G20 leaders pledge 'affordable, equitable access' to vaccines

Leaders of the Group of 20 (G20) major economies on Sunday pledged “affordable and equitable access” to vaccines against the coronavirus as the global pandemic overshadowed their annual summit.

“We have mobilized resources to address the immediate financing needs in global health to support the research, development, manufacturing, and distribution of safe and effective Covid-19 diagnostics, therapeutics and vaccines,” they said in a final declaration concluding their two-day summit held online.

Several leaders in the group had voiced their countries’ willingness to cooperate on research into and production and distribution of vaccines to help fight the pandemic, a crucial step towards global economic recovery.

The bloc’s leaders said on Sunday they were committed to a debt suspension initiative launched in March for the least developed countries that would allow the beneficiaries to defer 14 billion dollars in debt payments due this year and its extension to June 2021.

The summit, hosted by Saudi Arabia, focused on addressing the health, economic and social impacts of the global pandemic.

The group’s leaders said they were determined to support developing and the least developed countries in grappling with the intertwined health, economic, and social effects of Covid-19.

“We are determined to continue to use all available policy tools as long as required to safeguard people’s lives, jobs and incomes, support the global economic recovery, and enhance the resilience of the financial system.”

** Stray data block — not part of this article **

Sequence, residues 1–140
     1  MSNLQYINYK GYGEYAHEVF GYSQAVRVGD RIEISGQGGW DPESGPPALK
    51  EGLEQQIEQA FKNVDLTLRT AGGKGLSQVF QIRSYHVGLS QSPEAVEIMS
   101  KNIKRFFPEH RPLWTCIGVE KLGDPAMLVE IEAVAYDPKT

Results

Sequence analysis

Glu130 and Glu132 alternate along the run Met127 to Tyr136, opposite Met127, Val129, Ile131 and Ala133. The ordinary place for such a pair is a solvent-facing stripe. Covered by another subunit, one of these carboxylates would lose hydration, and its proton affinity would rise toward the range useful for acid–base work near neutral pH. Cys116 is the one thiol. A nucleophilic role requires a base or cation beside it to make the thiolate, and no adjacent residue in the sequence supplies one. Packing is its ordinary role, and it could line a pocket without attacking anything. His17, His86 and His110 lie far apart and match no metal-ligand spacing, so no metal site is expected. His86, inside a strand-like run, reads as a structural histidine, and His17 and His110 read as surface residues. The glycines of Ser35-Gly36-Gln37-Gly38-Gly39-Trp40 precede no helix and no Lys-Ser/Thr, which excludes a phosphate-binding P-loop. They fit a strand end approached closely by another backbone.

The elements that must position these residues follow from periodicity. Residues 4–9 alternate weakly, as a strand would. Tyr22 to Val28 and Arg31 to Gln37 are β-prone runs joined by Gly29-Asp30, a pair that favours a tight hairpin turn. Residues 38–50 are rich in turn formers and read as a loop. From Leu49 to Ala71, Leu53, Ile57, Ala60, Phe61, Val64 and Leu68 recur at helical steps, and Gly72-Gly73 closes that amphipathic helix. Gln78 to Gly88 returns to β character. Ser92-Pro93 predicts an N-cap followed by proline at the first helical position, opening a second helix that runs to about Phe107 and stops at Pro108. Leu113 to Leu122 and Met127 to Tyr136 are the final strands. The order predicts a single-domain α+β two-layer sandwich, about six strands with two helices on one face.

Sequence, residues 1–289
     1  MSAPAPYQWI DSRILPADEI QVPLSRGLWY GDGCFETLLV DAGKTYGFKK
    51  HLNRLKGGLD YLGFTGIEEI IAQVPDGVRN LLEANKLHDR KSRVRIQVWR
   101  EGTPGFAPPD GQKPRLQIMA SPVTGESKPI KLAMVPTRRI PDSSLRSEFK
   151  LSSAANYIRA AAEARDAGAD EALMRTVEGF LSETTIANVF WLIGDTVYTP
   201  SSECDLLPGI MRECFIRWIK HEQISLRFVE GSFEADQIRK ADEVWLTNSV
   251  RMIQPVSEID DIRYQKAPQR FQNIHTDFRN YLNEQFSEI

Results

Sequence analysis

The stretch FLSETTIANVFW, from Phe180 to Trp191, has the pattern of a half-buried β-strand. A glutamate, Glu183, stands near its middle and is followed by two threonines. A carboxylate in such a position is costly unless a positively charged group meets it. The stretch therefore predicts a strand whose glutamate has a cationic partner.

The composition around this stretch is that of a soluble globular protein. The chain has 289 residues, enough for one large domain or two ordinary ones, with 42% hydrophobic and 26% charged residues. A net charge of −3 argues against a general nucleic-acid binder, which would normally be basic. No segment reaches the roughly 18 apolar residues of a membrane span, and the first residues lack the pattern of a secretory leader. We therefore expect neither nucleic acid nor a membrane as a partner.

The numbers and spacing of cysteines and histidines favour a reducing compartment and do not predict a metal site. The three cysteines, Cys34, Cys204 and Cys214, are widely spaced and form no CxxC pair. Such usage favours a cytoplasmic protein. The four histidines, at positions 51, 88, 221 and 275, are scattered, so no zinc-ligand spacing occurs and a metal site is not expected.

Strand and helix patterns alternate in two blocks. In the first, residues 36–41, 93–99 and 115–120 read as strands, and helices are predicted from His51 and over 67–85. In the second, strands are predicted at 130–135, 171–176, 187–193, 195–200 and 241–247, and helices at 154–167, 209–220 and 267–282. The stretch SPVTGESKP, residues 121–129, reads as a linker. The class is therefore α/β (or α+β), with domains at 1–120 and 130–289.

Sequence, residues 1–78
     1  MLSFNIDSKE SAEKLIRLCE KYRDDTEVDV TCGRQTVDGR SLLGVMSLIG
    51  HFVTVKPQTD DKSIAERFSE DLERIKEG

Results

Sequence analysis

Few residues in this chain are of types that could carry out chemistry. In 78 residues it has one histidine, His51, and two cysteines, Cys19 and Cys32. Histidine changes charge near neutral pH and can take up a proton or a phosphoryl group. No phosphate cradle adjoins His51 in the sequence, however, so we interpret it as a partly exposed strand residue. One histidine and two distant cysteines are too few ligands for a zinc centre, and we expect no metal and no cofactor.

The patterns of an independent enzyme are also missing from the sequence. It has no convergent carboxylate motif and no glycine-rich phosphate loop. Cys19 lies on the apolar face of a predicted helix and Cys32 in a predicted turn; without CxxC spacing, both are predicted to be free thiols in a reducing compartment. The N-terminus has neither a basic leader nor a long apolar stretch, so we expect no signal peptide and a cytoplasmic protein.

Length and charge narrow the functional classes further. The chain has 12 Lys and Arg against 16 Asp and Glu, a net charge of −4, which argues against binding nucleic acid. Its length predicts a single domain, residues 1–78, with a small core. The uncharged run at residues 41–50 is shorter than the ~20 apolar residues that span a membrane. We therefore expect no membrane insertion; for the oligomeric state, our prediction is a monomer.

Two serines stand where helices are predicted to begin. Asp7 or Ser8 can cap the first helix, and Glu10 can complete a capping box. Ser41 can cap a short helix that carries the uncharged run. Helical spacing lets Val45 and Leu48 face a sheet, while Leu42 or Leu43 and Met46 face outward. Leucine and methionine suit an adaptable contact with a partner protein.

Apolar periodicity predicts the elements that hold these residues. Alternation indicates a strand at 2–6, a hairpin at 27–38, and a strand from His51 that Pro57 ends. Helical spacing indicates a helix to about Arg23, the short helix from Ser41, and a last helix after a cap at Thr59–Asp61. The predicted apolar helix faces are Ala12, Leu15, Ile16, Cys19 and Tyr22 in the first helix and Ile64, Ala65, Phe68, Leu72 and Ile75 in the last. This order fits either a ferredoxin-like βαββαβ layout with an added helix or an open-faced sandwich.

In March, the G20 vowed to coordinate their response to the pandemic. Since then, the G20 has collectively injected 11 trillion dollars to mitigate the impact on the global economy.

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The summit marked Saudi Arabia’s first time managing the presidency of the G20, which brings together 19 countries and the European Union.

In closing remarks before handing over the G20 presidency to Italy, Saudi King Salman said the summit had imparted a “message of hope and reassurance” to people around the world.

Italian Prime Minister Giuseppe Conte put the date for next year’s summit at October 30-31. The goal of the Italian presidency was to be worldwide post-pandemic reconstruction.

Germany’s Chancellor Angela Merkel praised the cooperation between the leaders and said that the G20 final declaration breathes “the spirit of multilateral cooperation,” which was very important in these times.

The coronavirus pandemic was a global challenge that could only be responded to by all actors, she said in Berlin. The G20 countries had contributed to multilateralism and the global fight against challenges playing a major role.

The G20 encompasses two-thirds of the world’s population, 85 per cent of global economic output and 75 per cent of world trade.

Meanwhile, US President Donald Trump slammed the Paris Accord, the international climate agreement that he unilaterally withdrew from, saying it would kill jobs at home.

“The Paris accord was not designed to save the environment. It was designed to kill the American economy,” he said in a brief speech.

Trump has long argued that the deal benefits US competitors like China and that Washington did not need an international agreement to work on cleaning up air pollution and water sources.

The US – the world’s largest economy and second-biggest greenhouse gas emitter after China – is the first nation to quit the accord, which was signed by nearly all countries in 2015.

Vanguard News Nigeria


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